New research shows that resistance training improves the physical and mental health of people over 65 years old, with benefits occurring even when some people train just once a week.
Benefits included improvements in blood values, muscle strength, and mental well-being, according to researchers at the University of Jyväskylä in Finland.
“We found that individuals who were close to having high blood pressure, high cholesterol, high blood glucose, or high levels of inflammation improved the most after our nine-month training program,” said Dr. Simon Walker of the university’s Faculty of Sport and Health Sciences. “Training two or three times per week didn’t provide greater benefit in these individuals.”
Most experts advocate performing resistance training at least two times a week for all ages.
And the new study did find that for maximum strength development, muscle growth, and fat loss, training more times a week was advantageous, the researchers note.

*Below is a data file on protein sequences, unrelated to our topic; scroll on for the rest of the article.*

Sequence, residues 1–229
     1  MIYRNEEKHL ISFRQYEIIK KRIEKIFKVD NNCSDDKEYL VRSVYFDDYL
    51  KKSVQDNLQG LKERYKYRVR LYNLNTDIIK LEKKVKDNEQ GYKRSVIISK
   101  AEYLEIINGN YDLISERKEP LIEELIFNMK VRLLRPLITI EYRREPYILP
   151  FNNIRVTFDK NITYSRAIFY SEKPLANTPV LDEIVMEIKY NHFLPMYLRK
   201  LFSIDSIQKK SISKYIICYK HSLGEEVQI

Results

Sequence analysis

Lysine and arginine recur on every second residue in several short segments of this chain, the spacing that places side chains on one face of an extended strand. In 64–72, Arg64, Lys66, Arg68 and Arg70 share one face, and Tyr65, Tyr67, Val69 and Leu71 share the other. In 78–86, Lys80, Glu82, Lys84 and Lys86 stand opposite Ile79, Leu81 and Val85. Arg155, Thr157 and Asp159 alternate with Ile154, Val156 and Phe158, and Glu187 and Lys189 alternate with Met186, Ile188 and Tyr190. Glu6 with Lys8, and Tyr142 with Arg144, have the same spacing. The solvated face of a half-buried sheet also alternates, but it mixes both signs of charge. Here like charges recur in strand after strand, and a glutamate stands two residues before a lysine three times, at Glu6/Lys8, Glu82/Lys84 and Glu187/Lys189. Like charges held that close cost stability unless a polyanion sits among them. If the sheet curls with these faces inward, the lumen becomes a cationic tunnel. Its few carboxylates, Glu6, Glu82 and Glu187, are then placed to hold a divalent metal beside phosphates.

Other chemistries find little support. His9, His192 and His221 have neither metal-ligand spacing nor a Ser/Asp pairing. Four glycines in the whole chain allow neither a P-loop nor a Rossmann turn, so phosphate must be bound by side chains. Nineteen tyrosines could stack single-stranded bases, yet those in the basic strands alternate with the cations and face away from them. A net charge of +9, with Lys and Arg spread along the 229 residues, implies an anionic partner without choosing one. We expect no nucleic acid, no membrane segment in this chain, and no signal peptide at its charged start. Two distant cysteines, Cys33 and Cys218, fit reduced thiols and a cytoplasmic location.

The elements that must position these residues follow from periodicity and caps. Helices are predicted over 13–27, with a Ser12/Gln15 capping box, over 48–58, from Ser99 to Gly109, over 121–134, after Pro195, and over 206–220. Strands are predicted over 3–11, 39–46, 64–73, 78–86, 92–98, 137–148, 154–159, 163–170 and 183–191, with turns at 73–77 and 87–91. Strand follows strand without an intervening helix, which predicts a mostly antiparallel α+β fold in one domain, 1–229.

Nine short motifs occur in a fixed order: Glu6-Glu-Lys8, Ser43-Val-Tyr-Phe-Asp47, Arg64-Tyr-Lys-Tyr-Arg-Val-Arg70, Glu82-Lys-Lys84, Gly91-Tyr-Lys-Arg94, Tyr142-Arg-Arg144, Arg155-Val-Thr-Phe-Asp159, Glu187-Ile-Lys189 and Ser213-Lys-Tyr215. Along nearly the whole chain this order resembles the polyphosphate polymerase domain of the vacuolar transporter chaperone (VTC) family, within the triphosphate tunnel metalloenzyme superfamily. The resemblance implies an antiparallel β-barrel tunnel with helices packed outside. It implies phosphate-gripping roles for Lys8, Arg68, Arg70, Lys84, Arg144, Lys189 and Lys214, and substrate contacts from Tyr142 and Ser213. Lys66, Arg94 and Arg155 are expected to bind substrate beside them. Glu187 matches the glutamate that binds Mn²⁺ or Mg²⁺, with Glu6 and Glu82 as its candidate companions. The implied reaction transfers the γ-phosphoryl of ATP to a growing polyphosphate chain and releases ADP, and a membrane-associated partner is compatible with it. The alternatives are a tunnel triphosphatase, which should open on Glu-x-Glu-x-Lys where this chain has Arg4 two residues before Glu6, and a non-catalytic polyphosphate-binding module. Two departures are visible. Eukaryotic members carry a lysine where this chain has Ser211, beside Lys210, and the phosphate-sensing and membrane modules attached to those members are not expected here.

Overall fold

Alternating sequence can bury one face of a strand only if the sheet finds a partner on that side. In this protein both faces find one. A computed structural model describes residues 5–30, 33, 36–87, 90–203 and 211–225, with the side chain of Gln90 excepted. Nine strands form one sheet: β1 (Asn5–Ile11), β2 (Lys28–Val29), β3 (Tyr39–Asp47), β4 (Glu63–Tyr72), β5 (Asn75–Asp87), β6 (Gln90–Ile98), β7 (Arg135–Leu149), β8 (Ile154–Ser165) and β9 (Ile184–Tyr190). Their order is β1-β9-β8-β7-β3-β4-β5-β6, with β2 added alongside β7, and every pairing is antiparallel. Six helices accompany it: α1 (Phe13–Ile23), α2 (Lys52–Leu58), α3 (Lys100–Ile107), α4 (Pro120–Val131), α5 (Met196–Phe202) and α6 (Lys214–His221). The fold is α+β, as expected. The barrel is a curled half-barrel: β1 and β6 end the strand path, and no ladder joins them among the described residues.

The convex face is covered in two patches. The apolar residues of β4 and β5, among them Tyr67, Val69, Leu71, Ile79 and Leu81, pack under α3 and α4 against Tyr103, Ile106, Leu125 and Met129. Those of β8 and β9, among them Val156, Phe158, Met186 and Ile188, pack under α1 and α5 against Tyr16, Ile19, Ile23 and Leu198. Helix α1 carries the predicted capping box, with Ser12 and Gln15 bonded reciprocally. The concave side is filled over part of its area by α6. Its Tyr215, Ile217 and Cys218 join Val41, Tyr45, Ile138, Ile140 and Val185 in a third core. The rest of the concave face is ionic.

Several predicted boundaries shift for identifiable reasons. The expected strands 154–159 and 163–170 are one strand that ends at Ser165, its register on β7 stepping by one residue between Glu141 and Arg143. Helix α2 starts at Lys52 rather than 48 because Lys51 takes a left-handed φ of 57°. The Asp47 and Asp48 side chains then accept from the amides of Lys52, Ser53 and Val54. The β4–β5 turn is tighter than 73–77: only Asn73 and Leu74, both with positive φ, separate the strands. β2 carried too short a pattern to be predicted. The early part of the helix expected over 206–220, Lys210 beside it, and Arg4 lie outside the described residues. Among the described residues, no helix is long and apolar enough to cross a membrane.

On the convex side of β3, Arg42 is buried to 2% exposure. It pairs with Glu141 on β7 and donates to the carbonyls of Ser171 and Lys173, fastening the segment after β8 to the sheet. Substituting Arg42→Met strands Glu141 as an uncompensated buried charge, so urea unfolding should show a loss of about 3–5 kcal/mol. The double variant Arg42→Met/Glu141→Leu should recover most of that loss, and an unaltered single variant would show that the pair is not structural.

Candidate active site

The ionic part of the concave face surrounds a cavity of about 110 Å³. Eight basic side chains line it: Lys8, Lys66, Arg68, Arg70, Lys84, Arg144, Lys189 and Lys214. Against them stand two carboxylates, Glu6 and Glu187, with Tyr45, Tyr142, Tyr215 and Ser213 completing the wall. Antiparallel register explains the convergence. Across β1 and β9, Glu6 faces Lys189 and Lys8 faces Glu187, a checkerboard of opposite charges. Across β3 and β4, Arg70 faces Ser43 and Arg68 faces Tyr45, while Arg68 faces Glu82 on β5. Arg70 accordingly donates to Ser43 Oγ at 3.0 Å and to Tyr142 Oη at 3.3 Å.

“But for other measures that are important for older people, such as the ability to perform activities of daily living, once per week seemed sufficient,” Walker said. “Muscle strength that is needed for carrying shopping bags, walking up and down the stairs and sitting down on a toilet can be improved with strength training.”
Overall well-being, tested through psychological measures, also improved over the nine-month training period, according to the study’s findings.
Similarly, there were no real differences whether individuals trained only once a week or two to three times per week.
According to the researchers, it was very important that people improved their psychological well-being and motivation for exercise during the study period as it was those people who continued training regularly even after the study ended.
“We need to remember that these individuals trained hard, and safely, when they were with us,” Walker said. “We supervised every training session closely, making sure that they used correct technique and also ensured that they always tried to improve their training loads compared with previous training sessions.”
Source: University of Jyväskylä